Tenure Security, Resource Endowments, and Tree Growing: Evidence from the Amhara Region of Ethiopia
AbstractWe analyze roles of tenure insecurity and household endowments in explaining tree growing in Ethiopia, where farmers cannot sell or mortgage land and factor markets are imperfect. Unlike most other studies, we use panel data and examine determinants of the decision and intensity of tree growing. Unlike other studies, we compare the decision to keep trees and the decision to plant in the recent past. The results suggest that land-tenure insecurity influences the decision to grow trees but not the number of trees households grow. Household endowments, time, and location also explain tree growing by farmers.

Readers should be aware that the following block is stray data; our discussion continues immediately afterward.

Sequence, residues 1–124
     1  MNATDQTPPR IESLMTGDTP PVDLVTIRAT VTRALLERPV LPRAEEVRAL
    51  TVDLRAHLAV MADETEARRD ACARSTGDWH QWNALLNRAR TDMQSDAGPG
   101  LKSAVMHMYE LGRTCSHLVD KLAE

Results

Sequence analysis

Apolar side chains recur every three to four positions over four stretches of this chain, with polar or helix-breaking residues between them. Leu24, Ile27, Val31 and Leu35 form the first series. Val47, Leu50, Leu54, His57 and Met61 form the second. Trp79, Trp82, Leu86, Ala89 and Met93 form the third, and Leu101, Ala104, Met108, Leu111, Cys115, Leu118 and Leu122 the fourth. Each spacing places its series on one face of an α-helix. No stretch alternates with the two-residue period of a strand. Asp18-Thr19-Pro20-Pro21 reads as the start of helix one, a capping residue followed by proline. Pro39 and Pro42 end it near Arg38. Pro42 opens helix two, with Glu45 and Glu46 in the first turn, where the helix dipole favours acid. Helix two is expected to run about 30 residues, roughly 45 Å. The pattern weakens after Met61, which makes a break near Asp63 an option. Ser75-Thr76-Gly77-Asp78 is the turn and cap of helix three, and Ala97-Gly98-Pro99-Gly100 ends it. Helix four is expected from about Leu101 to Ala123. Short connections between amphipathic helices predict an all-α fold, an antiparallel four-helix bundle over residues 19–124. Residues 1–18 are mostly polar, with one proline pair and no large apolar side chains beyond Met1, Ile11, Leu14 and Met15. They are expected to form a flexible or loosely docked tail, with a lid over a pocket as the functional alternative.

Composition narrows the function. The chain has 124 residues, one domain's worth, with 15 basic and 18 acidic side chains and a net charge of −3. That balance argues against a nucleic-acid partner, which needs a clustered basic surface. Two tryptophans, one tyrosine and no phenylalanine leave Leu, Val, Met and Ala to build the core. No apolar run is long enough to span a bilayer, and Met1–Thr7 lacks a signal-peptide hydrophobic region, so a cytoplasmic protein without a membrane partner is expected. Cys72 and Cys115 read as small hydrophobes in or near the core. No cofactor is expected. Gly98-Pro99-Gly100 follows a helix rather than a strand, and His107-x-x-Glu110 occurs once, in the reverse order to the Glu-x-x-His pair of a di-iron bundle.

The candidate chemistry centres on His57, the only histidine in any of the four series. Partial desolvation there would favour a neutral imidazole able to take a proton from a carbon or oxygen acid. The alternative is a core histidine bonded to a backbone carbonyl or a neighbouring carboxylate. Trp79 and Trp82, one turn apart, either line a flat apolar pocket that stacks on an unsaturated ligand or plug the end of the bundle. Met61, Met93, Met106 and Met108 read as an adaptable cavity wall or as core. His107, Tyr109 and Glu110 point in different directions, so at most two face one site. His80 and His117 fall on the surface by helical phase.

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Bibliographic InfoArticle provided by University of Wisconsin Press in its journal Land Economics.
Volume (Year): 85 (2009)
Issue (Month): 2 ()
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Web page: http://le.uwpress.org/
Find related papers by JEL classification:
- Q15 - Agricultural and Natural Resource Economics; Environmental and Ecological Economics - - Agriculture - - - Land Ownership and Tenure; Land Reform; Land Use; Irrigation; Agriculture and Environment
- Q23 - Agricultural and Natural Resource Economics; Environmental and Ecological Economics - - Renewable Resources and Conservation - - - Forestry
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- Salvatore Di Falco & Marcella Veronesi, 2013.
"How Can African Agriculture Adapt to Climate Change? A Counterfactual Analysis from Ethiopia,"
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